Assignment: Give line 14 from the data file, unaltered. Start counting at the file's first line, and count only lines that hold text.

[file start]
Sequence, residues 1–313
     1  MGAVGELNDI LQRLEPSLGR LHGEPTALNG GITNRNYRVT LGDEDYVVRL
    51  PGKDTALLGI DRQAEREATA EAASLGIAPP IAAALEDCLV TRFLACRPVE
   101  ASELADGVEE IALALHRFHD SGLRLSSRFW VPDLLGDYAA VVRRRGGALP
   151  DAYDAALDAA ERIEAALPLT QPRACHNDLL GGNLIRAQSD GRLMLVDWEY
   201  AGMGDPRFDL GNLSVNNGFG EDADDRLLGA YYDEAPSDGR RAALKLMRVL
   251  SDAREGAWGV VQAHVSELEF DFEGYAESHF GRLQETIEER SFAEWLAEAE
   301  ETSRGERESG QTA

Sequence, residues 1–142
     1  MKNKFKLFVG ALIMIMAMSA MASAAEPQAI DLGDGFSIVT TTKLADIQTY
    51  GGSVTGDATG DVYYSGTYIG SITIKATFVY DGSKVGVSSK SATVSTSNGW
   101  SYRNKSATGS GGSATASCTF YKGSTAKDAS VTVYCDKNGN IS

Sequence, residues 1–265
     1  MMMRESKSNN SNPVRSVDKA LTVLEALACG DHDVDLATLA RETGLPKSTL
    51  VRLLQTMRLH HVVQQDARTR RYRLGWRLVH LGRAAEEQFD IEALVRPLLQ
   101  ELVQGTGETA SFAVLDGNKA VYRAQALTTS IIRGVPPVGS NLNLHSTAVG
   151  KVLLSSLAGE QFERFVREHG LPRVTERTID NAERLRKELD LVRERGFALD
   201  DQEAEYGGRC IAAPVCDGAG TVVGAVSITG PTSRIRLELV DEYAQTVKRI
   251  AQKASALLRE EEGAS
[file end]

     1  MMMRESKSNN SNPVRSVDKA LTVLEALACG DHDVDLATLA RETGLPKSTL